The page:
Marinella Ferrara: What changes have taken place in the profession of the 3rd millennium young designer, in comparison with the past, with the 1960s? Do you think that the present production delocalization and market globalization can affect the traditional relationship between design and industry? In what way?
Odoardo Fioravanti: The designer’s job has radically changed, for different reasons. On the one hand, the new design degrees have led to a deeper awareness of design and to an education focalized on the productive process. This, according to some people, can cause a lack of the project-based culture and also a proliferation of design related topics in unconventional sectors and manners.
On the other hand, the industry and production have undergone deep changes. The big firms’ crisis and the grinding of the productive system into a sort of cloud containing a lot of new little companies wanting to exploit design, have made a designer’s life not easy. In most cases, these little companies want to go into design only because they’ve ‘heard of it’. Therefore, we have to go back to the start and explain why it is necessary to spread the culture and the philosophy of design in the industrial world: we need a sort of micro-evangelization.
Most of the firms do not produce, they are just editors, who own strong marketing skills. The main theme here is the relation, not the production, between who invents the products and the industry. The debate, in the end, comes down to marketing and saleability based on the goods’ appeal.
It must be also said that the delocalization of the industrial production represents an epoch-making change for a certain kind of goods, those goods that, on the basis of a dimension/cost ratio, can easily and inexpensively be carried around. This contributes to the creation of a new class of producers who do not mind producing low cost goods and selling them at very low prices, in order to stimulate purchases even in times of constant crisis.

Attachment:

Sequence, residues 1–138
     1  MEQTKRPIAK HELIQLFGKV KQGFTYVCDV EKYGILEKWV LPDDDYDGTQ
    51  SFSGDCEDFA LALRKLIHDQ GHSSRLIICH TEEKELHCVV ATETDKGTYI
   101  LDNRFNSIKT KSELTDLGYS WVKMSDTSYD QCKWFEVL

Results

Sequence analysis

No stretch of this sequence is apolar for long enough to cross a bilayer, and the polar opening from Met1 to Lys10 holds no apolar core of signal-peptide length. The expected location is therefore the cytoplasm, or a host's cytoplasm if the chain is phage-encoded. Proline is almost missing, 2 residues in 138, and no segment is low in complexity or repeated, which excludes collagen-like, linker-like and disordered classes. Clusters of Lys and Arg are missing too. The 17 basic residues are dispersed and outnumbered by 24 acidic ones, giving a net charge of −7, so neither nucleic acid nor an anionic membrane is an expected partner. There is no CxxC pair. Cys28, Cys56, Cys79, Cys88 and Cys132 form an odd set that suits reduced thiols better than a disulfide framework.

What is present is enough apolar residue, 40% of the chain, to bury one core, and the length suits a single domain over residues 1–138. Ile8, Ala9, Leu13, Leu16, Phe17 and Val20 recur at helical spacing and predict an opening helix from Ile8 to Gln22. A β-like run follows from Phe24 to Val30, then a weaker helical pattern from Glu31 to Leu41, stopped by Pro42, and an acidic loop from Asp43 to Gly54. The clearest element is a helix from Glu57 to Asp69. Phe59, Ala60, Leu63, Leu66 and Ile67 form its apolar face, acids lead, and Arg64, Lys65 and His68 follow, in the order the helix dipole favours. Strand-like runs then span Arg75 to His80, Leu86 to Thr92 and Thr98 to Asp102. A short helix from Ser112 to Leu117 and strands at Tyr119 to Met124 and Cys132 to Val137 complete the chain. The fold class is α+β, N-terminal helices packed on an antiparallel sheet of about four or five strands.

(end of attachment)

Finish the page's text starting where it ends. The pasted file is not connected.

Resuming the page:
Besides, a sort of communicative magma surrounds design nowadays, spreading ideas and projects, and merging together different ideas, thus making thoughts univocal. A sort of a koiné of languages that filters projects, in order to get rid of those that are not cool or communicatively effective. But this is a ‘baby’ communication,…
Do you still believe in the role of the industry?
I strongly believe that in the definition ‘industrial design’ both words are vital. The design prepares a message, gives a shape to a thought, not only a functional one, and the industry allows the circulation and the development of this thought on a mass-market scale. This does not exclude the presence of new productive patterns such as those based on the 3D printers and the ‘makers’ world. But the industry is still the place for a large-scale production of goods, where it is still possible to meet the people’s demands with a commitment to research, to resource optimization, to a democratic production. Snow, my chair for Pedrali, has a very low price and such a wide distribution that could be impossible without the help of a real industry.
Have there been any changes in the company requirements for the designers?
The demands have changed, of course. People look for projects that can easily be put into production and easily be taken in by the market. They want market-ready projects, so contemporary as to seem they’re coming out of the near past: low cost projects that can easily be understood and that can stimulate compulsive purchases. There is no time to wait for the projects to be developed, to find their right collocation. Very few companies have their own competence to develop the products; therefore the designers have to prepare projects that are ready for production. We need to use an engineering approach, to understand the technological problems, to find suppliers and contractors on behalf of the firm, etc. As if part of the company were substituted by the designers’ studios. So a designer is not only the one who designs and has good ideas, but one who does think from the processes and the contacts he has with the artisans.